Why the Gas Uptake Behavior of Dry Salt Water Is Vastly Different above 279 K? A Dynamics-Controlled Process That Can Be Intensified by the Cooling Stimulation Method

JP Hou and W Zhou and XR Wang and DS Bai, JOURNAL OF PHYSICAL CHEMISTRY C, 122, 27360-27367 (2018).

DOI: 10.1021/acs.jpcc.8b07612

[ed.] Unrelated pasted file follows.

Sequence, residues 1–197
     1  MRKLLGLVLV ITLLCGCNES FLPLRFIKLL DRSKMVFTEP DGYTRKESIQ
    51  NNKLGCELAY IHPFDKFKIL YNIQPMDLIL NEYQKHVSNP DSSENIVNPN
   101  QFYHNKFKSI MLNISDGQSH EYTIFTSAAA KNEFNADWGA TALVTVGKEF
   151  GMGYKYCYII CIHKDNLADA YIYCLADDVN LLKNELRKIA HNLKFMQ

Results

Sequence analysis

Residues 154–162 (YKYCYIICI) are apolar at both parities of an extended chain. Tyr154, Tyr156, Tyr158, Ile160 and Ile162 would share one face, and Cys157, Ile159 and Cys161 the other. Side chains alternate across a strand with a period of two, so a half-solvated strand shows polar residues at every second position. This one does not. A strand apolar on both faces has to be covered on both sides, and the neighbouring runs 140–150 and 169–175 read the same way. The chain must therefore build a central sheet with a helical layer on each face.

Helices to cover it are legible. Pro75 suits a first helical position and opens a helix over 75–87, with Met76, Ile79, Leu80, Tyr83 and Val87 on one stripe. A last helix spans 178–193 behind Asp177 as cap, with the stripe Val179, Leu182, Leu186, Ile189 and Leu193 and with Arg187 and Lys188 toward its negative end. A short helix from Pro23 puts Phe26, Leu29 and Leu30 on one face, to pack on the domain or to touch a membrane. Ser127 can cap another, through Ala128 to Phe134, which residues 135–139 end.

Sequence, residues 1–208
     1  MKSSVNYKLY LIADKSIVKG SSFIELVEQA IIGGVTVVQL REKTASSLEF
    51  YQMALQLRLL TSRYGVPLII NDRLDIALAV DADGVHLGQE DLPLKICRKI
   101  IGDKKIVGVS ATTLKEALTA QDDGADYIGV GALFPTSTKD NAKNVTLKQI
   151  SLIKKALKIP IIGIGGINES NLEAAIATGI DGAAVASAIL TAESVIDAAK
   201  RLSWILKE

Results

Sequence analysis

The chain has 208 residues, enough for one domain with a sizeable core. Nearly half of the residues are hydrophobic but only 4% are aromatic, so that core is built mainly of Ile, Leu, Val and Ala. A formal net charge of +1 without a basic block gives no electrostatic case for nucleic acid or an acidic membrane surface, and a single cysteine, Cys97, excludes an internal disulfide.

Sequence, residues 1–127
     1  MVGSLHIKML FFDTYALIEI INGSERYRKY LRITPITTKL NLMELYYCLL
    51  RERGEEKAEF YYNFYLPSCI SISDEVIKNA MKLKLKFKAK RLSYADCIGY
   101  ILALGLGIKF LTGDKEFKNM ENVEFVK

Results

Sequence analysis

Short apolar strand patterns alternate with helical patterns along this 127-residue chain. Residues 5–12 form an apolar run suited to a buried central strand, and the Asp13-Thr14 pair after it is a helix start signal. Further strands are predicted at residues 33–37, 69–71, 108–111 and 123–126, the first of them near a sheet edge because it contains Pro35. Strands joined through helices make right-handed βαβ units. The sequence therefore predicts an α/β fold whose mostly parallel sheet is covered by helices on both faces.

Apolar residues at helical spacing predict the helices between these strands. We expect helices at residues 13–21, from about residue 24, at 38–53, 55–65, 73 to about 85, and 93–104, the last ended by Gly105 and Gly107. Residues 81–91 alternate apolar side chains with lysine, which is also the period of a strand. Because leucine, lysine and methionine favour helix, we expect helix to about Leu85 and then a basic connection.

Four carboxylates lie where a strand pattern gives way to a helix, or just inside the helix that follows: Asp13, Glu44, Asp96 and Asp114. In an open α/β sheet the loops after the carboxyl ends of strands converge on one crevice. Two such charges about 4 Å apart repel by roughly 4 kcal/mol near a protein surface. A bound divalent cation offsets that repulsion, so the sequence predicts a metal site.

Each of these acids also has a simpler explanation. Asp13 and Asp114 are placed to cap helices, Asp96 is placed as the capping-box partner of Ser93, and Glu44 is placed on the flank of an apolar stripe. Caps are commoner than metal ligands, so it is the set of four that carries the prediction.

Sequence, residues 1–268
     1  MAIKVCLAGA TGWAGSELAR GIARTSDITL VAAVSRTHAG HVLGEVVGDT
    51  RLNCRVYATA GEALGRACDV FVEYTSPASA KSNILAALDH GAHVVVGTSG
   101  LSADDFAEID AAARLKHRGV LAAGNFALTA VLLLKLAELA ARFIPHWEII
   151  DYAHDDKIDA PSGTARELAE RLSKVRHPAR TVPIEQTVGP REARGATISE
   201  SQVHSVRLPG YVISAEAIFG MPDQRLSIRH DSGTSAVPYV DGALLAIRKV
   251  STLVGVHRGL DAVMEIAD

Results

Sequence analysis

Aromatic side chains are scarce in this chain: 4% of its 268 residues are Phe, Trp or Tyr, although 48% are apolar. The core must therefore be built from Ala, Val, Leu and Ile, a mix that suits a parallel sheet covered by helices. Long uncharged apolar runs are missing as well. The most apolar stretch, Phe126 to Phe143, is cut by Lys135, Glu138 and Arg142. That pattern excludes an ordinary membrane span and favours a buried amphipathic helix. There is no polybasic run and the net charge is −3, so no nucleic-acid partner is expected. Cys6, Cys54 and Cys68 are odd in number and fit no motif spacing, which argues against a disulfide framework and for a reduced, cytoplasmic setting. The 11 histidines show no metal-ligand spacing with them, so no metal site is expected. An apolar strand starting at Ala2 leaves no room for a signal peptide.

The effect of temperature on CO2 uptake behavior of dry salt water was investigated by kinetics measurements and molecular dynamics simulations. The gas uptake capacity was found to be dramatically decreased at 279 K by the direct cooling adsorption procedure. By means of simulations, it was realized that the orientation of water and the hydrogen bond network structure near the silica surface are sensitive to temperature. With the temperature decreased, the water layer becomes local-structured by forming more hydrogen bonds, facilitating the capture of CO2 by forming the hydrate precursor easily. The change of the structure is irreversible once the CO2 uptake process occurred; hence, the gas uptake can carry on continuously even if the temperature rises. A cooling stimulation procedure was found to efficiently trigger the gas uptake process at temperatures higher than 279 K. By using this method, gas adsorption can be induced because the energy barrier of nucleation is reduced. This technology can save a certain amount of energy that is used to maintain the low temperature. Therefore, it might be a potential industrial method for efficient gas storage.

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